The picture below is scale within a steamer's steam generator as seen through a 3" hole after I had removed its heating element. The steamer WAS fully functional before I'd decided to do some much-neglected preventative maintenance on it:
This is that same scale that I'd scraped outta there, then collected into a bucket and took this picture of it:
Without the bucket:
This was out of a steam generator similar in size to your VSX9000. Capable of holding just a few gallons of water.
That's 10 lbs of lime scale in that bucket! It's anywhere from the consistency of sand...and up to ROCKS several inches across!
You might have similar accumulation of scale in your VSX9000 steamer. If so, then NO AMOUNT of CLR, Lime-a-way, hydrocloric acid...or ANYTHING chemical will dissolve all of that. It's gotta be physically removed.
Additionally, suppose that you actually poured CLR in there, it got there, and then you followed the procedures in the instruction I'd provided in my earlier post. HOWEVER...what IF the steam generator drain is clogged up with so much scale that the CLR won't drain back out? WELL - you can't cook FOOD with THAT!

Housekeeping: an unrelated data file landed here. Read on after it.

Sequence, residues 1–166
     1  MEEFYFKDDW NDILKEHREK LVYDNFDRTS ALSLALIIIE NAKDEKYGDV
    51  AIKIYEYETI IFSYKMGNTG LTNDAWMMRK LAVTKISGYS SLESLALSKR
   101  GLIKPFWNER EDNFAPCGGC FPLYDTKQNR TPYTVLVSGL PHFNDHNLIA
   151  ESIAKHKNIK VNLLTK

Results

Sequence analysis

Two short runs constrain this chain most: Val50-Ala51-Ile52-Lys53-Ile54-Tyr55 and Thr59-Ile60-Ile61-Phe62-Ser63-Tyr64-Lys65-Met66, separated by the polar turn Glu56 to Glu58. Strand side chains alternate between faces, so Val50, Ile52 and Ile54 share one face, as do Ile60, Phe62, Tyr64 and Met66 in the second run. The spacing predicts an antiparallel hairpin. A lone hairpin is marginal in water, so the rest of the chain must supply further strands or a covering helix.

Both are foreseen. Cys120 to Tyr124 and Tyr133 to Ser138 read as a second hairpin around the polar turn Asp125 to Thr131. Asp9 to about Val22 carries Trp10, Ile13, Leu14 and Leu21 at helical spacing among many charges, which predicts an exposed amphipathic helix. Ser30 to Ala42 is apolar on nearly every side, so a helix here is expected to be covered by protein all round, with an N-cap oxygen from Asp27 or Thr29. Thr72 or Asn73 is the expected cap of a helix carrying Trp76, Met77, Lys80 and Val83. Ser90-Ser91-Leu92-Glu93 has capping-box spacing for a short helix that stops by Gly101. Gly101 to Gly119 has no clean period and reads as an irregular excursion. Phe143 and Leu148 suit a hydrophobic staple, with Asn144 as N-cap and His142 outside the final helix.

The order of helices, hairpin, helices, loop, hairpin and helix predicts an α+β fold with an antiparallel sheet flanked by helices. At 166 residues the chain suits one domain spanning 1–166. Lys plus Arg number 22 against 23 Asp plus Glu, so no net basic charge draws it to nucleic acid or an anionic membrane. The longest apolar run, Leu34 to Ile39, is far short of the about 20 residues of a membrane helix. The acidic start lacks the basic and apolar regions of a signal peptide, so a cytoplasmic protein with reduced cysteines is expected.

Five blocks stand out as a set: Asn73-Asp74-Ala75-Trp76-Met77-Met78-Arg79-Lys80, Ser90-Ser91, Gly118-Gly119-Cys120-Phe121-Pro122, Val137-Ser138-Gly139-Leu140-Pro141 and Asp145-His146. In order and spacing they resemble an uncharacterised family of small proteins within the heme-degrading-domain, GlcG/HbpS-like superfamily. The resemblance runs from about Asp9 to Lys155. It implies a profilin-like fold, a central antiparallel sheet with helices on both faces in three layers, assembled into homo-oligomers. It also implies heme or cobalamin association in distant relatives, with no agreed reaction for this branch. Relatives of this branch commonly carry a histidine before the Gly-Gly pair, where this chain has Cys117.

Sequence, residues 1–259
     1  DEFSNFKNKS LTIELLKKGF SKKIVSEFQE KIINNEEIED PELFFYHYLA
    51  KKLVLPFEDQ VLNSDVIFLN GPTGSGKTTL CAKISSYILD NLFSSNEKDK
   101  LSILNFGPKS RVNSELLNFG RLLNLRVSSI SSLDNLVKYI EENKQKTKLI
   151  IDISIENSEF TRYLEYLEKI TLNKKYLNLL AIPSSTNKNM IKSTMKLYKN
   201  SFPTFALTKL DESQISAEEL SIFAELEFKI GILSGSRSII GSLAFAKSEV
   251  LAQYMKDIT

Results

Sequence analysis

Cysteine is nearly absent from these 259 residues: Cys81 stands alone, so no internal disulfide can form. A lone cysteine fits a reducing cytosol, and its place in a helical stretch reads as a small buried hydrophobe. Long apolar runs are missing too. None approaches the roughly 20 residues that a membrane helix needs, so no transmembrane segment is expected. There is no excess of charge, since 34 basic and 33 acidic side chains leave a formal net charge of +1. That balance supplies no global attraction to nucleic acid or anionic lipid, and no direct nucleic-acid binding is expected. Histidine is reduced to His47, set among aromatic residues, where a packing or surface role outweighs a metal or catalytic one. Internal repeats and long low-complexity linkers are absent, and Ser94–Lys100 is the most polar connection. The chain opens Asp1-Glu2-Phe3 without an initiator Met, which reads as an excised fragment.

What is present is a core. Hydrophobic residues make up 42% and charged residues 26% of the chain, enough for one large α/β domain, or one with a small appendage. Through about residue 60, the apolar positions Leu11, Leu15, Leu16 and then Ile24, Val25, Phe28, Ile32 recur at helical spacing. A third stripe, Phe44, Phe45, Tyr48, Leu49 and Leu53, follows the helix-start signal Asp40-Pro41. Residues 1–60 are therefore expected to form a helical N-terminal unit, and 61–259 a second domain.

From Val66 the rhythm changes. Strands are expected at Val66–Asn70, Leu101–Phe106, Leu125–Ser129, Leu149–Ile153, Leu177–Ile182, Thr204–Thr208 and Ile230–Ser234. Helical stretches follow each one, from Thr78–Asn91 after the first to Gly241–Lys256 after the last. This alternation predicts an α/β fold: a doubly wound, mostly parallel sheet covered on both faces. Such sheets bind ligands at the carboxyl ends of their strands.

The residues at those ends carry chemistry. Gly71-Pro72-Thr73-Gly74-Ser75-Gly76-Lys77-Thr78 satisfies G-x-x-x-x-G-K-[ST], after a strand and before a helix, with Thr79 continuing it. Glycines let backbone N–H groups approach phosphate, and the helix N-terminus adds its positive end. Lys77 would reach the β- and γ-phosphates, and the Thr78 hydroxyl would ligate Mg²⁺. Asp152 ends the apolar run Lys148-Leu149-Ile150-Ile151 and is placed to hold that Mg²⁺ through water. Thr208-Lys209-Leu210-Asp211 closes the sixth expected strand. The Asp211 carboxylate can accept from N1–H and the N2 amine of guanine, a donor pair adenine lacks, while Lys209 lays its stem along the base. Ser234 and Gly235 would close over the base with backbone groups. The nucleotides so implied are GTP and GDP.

So, I'm advising that you get the unit thoroughly gone through by a technician. You might find that there's as much scale in it as in my pictures.
If you are INTENT upon attempting to do a chemical descaling anyway, just be sure that, BEFORE YOU DO IT, when you turn the unit off, that you see lotsa water draining out of it...before feeding it the CLR. If you don't see water draining, then it's clogged. DON'T put ANY chemical in there and call a company to have it serviced.
Thanks for the great post! Would you mind if I used this for a Tales from the Field piece in the near future? Really drives home the reason preventative maintenance is *not*just some oversold ploy by service tech companies.
Yes. By all means, go ahead and use it.
My question: Where is this "Tales from the Field?" I don't see a link for that. Is that a snail mail thing?
Donna, your original request was for an owners manual. Since we couldn't produce one, I'm providing the next best thing.
I'd said before that the Vulcan VSX9000 is nearly identical to the Hobart HSF3 counter-top steamer. So...here's the operating instructions manual for that Hobart:
Hobart HSF3 Instructions Manual
There are negligible differences between the control panels of the two steamers. Additionally, the Hobart manual alludes to the main switch possibly having an optional DELIME position. The VSX9000 won't have that option. Nevertheless, the Hobart instruction manual covers both configurations - WITH and WITHOUT a DELIME setting for the switch.
All that scale and it was still working? I mean more or less. lol. Anyway, Donna a good idea would also to br to try to find out how hard the water is in your area. If its hard enough, I would increase the frequency of the descaling. Also, possibly look into a filter system or water softener (if the budget allows) to protect your investment, in the steamer.